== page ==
WESeminars

WESeminars provide opportunities to revisit the classroom and experience firsthand the academic ecellence that is the essence of Wesleyan, with presentations by scholars, pundits, and other experts in their fields. Programs run approximately 60 minutes, including audience Q&A. Seating is on a first-come, first-served basis and because of the state fire code, the University is unable to offer standing room space on the floors or aisles of venues.

This is a chronological list of the WESeminars scheduled throughout the weekend. Please visit the Reunion & Commencement Schedule of Events for a complete listing of all of the activities during the weekend.

Events

Friday, May 25, 2018

2:00 PM to 3:00 PM
WESEMINAR Of Ospreys and Sea Grass Beds: Adaptation in the time of Human-Altered Landscapes
Humans have altered the planet since the origin of humans. As a society we must focus on how we adapt to continued alteration and protect critical parts of the natural world for both human and environmental health. In this WESeminar we will present two studies that demonstrate how we can protect the critical linkages between humans and ecosystems with positive outcomes.
Presenters: Barry Chernoff, Schumann Professor of Environmental Studies, is Director of the College of the Environment and Professor in the departments of Biology, and Earth and Environmental Studies. Dr. Chernoff researches aquatic ecosystem ecology and conservation genetics of fishes. He teaches courses in science and environmental issues. Helen Poulos is an adjunct associate professor of environmental studies at Wesleyan. She is a plant ecologist who examines the effects adaptive management on forest, grassland, and wetland health. Dr. Paul Spitzer ’68 is a lifelong professional ecologist, with special interest in Ospreys (50 years) and nonbreeding Common Loons (30 years). He and Christine have lived by the Choptank River, MD eastern shore of Chesapeake Bay, for 30 years.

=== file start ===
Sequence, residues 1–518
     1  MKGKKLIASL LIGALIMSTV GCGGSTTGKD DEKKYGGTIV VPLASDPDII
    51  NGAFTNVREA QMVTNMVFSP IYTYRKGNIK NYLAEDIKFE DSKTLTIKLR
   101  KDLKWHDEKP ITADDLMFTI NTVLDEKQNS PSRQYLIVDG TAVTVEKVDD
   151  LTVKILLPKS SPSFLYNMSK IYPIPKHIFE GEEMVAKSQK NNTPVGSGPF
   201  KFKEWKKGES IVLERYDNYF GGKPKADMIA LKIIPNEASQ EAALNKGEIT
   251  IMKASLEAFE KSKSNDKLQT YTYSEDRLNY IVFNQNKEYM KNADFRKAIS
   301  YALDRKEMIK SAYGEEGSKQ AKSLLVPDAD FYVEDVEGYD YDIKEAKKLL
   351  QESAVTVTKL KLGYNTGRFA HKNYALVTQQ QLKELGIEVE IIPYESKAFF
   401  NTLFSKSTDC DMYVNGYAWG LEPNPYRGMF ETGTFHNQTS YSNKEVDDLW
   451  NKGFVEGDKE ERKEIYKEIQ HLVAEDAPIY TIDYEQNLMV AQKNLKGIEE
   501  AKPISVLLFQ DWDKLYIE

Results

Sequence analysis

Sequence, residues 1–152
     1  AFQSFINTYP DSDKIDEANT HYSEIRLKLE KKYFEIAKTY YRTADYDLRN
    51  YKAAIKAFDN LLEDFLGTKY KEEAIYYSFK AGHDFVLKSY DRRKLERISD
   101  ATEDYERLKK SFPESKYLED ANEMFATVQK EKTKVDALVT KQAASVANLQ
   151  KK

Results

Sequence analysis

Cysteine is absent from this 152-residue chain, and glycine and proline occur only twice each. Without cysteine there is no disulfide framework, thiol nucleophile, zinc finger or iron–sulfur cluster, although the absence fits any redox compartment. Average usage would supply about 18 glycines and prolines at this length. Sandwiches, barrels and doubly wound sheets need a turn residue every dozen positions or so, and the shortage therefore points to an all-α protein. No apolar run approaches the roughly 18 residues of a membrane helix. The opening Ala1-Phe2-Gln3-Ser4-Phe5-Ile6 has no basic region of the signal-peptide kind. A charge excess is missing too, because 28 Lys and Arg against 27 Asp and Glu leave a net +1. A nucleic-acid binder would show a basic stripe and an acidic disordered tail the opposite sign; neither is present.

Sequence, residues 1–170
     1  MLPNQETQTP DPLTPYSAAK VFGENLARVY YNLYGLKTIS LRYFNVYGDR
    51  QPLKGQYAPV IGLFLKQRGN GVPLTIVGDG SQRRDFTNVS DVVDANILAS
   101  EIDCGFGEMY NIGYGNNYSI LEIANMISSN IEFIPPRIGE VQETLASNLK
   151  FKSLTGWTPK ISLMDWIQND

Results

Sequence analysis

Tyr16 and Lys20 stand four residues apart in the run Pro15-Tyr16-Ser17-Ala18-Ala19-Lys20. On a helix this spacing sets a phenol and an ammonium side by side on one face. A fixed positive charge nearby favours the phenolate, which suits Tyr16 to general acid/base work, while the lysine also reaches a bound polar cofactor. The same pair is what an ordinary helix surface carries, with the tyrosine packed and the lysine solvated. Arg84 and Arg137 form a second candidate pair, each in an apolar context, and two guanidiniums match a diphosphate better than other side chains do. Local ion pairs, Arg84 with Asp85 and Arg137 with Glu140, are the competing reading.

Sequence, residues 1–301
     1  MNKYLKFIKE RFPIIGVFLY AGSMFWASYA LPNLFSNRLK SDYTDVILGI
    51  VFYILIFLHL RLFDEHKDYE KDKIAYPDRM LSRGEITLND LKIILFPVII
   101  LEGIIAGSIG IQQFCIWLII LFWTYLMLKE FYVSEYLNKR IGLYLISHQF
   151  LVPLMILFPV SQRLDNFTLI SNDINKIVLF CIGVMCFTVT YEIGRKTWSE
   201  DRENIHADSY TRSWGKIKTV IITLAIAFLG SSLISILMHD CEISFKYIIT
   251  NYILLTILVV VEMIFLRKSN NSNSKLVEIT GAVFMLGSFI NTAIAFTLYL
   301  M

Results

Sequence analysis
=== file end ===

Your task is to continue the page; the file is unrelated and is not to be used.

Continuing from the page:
Allbritton 311
3:00 PM to 4:00 PM
WESEMINAR This Place Matters: Student Research on Middletown’s African American History commemorates 50 Years of AFAM at Wesleyan
In the 1820s, as northern slavery ended and the political battle over southern slavery intensified, free African Americans formed a remarkable property-owning community on what is now the western edge of Wesleyan’s campus. These men and women transformed Middletown, a slave trading river port during the 18th century, into a center of the antislavery movement. Here they sheltered those escaping on the Underground Railroad, hosted renowned abolitionists such as Frederick Douglass and William Lloyd Garrison, and owned homes that demonstrated free African Americans’ independence and fitness for freedom in a slave society skeptical of both. Join Professor Jesse Nasta and the students in his African American Studies/service learning course as they share their research on Middletown’s nationally-significant African American history. Through the efforts of the Vanguard Class fifty years ago in establishing the Center for African American Studies, the relationship of this community to Wesleyan can be told.